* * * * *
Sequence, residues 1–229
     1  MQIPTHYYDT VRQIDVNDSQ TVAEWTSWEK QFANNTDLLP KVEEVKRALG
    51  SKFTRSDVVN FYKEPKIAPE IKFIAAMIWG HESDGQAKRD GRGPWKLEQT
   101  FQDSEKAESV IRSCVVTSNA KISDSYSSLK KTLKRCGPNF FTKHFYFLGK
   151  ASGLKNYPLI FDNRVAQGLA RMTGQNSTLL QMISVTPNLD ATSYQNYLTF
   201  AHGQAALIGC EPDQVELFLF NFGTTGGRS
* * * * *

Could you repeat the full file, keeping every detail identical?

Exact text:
Sequence, residues 1–229
     1  MQIPTHYYDT VRQIDVNDSQ TVAEWTSWEK QFANNTDLLP KVEEVKRALG
    51  SKFTRSDVVN FYKEPKIAPE IKFIAAMIWG HESDGQAKRD GRGPWKLEQT
   101  FQDSEKAESV IRSCVVTSNA KISDSYSSLK KTLKRCGPNF FTKHFYFLGK
   151  ASGLKNYPLI FDNRVAQGLA RMTGQNSTLL QMISVTPNLD ATSYQNYLTF
   201  AHGQAALIGC EPDQVELFLF NFGTTGGRS